UPDATED: Australian High Court refers Cardinal Pell’s appeal of sex abuse conviction

Cardinal Pell

Melbourne, Australia, Nov 13, 2019 / 07:15 am (CNA) – The Australian High Court announced Wednesday that Cardinal George Pell’s application for special leave to appeal has been refferred to the full court for decision. Pell is seeking to appeal an August decision by the Court of Appeal in Victoria to uphold his conviction for child sexual abuse.

His application will now be considered by all the members of Australia’s highest court, and a decision is expected in March or April.

Pell’s appeal to the High Court in Canberra, Australia’s supreme court, is his last legal avenue to overturn a conviction that has divided opinion in the country and internationally.

Responding to the decision, Archbishop Anthony Fisher OP of Sydney said he “welcomed” the progress of the case at the High Court.

“The Cardinal has always maintained his innocence and continues to do so,” Fisher said. “The divided judgment of the Court of Appeal reflects the divided opinion amongst jurors, legal commentators and within our community.” 

“For the sake of all involved in this case, I hope that the appeal will be heard as soon as possible,” Fisher said on Wednesday.

On Wednesday morning, the Vatican also issued a statement “reiterating its trust in the Australian justice system.” 

“The Holy See acknowledges the decision of Australia’s High Court to accept Card. George Pell’s request of appeal, aware that the Cardinal has always maintained his innocence,” the statement said.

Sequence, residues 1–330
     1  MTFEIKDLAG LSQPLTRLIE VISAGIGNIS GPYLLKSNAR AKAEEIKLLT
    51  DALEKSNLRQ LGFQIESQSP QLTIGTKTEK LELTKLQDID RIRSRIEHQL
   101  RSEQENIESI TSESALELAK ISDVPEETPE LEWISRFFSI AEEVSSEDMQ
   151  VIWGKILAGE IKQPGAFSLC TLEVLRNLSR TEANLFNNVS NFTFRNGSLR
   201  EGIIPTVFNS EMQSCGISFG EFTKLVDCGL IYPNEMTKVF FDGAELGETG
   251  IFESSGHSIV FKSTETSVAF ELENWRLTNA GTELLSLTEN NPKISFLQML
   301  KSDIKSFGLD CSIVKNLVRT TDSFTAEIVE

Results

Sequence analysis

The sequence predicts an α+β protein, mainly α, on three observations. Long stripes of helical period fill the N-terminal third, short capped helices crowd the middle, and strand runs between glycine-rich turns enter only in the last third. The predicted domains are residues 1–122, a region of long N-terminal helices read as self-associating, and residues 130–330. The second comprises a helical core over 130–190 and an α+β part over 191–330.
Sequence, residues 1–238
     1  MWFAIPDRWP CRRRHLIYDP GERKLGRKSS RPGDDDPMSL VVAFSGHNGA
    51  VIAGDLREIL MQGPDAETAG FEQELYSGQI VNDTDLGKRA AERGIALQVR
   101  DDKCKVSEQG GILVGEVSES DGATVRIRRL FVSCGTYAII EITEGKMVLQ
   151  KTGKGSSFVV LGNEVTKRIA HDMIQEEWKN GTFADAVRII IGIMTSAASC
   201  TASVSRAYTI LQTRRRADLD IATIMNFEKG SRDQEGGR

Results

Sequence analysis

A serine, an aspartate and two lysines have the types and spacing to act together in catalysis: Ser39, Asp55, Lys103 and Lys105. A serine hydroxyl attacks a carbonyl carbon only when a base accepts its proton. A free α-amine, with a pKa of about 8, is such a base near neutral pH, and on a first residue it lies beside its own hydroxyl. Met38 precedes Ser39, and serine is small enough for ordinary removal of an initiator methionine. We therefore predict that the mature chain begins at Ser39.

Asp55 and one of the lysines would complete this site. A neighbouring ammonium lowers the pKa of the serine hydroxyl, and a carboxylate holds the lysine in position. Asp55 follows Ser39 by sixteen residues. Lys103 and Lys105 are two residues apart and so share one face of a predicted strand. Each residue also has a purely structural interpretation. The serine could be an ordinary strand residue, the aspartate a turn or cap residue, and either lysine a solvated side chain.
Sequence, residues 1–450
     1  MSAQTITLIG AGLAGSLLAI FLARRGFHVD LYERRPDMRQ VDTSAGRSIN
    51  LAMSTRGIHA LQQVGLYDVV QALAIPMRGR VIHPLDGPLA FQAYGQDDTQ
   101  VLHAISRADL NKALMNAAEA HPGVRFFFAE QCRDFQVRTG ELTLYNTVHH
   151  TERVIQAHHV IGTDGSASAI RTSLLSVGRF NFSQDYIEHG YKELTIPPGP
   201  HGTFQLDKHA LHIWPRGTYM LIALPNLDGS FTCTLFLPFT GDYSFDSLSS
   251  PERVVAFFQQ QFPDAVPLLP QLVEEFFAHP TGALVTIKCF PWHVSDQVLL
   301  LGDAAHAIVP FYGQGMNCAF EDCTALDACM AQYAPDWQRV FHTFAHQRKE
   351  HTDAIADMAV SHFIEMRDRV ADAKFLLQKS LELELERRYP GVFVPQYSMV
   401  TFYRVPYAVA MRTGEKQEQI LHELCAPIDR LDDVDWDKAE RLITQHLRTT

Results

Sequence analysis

“At this time, the Holy See reaffirms once again its closeness to those who have suffered because of sexual abuse on the part of members of the clergy.”

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The cardinal was convicted Dec. 11, 2018, on five charges that he sexually abused two choir boys after Sunday Mass while he was Archbishop of Melbourne in 1996 and 1997.

He was sentenced to six years in prison, of which he must serve at least three years and eight months before being eligible to apply for parole.

Cardinal Pell has maintained his innocence, with his defense making central the argument that the alleged crimes would have been, under the circumstances, “simply impossible.”

In an extensive dissent from the majority finding, Justice Mark Weinberg noted that the entirety of the evidence against Pell consisted of the testimony of a single accuser, whereas more than 20 witnesses were produced to testify against his narrative.

“Even the ‘reasonable possibility’ that what the witnesses who testified to these matters may have been true must inevitably have led to an acquittal,” Weinberg wrote, concluding that Pell had, in effect, been improperly asked to establish the “impossibility” of his guilt and not merely reasonable doubt.

All three judges granted further leave to appeal on the ground of the unreasonableness of the jury’s conviction.

Media commentators and members of the Australian legal community have voiced concerns about the reasoning of the two-judge majority opinion and the wider implications its argumentation could have for standards of evidence in criminal trials.

 

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